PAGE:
Many people wonder if they can keep their home after declaring bankruptcy. Filing for bankruptcy can be a difficult time for anybody. People are understandably very emotional when it comes to bankruptcy because of all the hard work they put into their home. The memories developed through all the time spent with their family can make it a painful decision. A lot of people think that when you declare bankruptcy, you lose absolutely everything. Depending on how you structure it this can be true. We’re going to look at the difference Types of bankruptcy and see if keeping that home is a possibility.
Very rarely are there simple slam-dunk situations. Every situation is unique and requires a lot of strategic thought. Bankruptcy is undoubtedly an option in a lot of cases. However, there may be other options available as well. Depending on your priorities and how vital keeping your home is to you. You should speak to somebody and consider everything.
The average consumer has two options available to them for bankruptcy. The first option is chapter seven. This typically means you have little options for exemptions. Chapter seven acts very similar to liquidation, and it blankets most of your assets equally, but it’s restrictive on exemptions. This means if you cannot afford your payments for your mortgage you will not be able to keep your home. However, chapter thirteen is more flexible on exemptions. So if you run into financial issues, you can keep your home if you can afford the mortgage. Clearly beats going to foreclosure auction. The courts may allow you to exempt your home.
A reaffirmation agreement would need to be set up between you and the courts. This paper would allow you to exempt your home while continuing to pay the mortgage yet, still filing for bankruptcy protection. Bankruptcy is designed to help protect people and give them a new opportunity or a fresh start when they do face financial trouble instead of long loan modification process. The bankruptcy would still be on your record and would last the seven-year term.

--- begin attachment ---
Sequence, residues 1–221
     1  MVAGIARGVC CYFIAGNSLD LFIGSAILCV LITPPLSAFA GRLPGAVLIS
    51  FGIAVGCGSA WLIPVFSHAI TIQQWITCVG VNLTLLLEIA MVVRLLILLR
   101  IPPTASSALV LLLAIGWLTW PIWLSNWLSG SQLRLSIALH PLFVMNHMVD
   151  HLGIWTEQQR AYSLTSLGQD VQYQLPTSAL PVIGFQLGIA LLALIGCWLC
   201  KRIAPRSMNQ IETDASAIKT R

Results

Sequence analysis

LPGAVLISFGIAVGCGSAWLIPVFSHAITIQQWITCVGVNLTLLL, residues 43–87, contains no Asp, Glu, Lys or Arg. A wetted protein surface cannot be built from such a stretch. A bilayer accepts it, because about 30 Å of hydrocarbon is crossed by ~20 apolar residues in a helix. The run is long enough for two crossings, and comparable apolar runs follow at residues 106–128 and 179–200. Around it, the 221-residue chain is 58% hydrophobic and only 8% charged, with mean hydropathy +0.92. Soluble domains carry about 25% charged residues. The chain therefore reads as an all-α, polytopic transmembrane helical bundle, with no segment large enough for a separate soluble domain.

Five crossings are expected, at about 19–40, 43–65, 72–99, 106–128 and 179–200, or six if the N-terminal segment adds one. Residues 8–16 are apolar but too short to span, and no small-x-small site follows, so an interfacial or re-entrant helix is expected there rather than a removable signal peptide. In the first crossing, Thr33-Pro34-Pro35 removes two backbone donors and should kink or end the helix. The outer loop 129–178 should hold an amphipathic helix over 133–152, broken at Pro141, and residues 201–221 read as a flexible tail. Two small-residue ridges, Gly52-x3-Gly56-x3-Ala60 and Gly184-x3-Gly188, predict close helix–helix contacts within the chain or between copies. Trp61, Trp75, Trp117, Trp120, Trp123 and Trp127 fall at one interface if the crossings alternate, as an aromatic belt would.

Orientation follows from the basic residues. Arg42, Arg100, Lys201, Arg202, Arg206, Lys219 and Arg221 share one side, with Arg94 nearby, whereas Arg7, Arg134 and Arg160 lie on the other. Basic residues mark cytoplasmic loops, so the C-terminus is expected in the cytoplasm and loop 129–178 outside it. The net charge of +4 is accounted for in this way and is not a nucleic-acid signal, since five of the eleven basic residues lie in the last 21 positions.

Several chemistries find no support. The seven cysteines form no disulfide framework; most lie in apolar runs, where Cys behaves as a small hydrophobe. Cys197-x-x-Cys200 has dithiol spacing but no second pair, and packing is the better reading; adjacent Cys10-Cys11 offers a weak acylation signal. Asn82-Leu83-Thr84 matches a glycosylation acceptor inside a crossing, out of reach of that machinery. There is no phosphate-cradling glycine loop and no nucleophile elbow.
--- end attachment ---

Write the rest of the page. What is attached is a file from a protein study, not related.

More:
Chapter seven would not allow you to keep your home because it is very restrictive with exemptions but you can use it if you also face a lot of credit card debt. It would also be helpful if you owed money on vehicles and other large items. You would be able to wipe your slate clean. You would be forgiven for the debt and continue to move forward.
Chapter thirteen will not allow you to reduce your first mortgage payment. The balance will also remain the same. This can be the case even if the home is underwater. You will need to keep up with your payments, property taxes and insurance. The primary advantage of chapter 13 is that you can minimize your other debts allowing your cash flow to go straight towards your home. This can be enough to lift the burden and a lot of situations.
Chapter thirteen is very flexible and has many uses. It’s applied in many different situations. There have been instances where people have filed for chapter 13 to buy themselves some time. For example, a couple that may have a child moving out shortly and they are planning to sell the home at a later date anyway. Chapter thirteen can work well in a situation like this allowing the owners to stay until the time to sell comes versus filing chapter seven or selling for cash.
There are situations where walking away from the property could be a better option. This would depend on many variables including how much Equity you have in the property. In some situations renting could even be a more significant advantage instead of taking on seven years worth of bankruptcy. A lot of this will come down to the age of the owners, the equity and where you stand financially in the future.
In conclusion, there are different types of bankruptcies and choosing the right one is essential based on your situation. It is possible to keep your home when you file for bankruptcy because of the exclusions under chapter thirteen. Working with the bank and filing bankruptcy is a far better option for most people then going to foreclosure.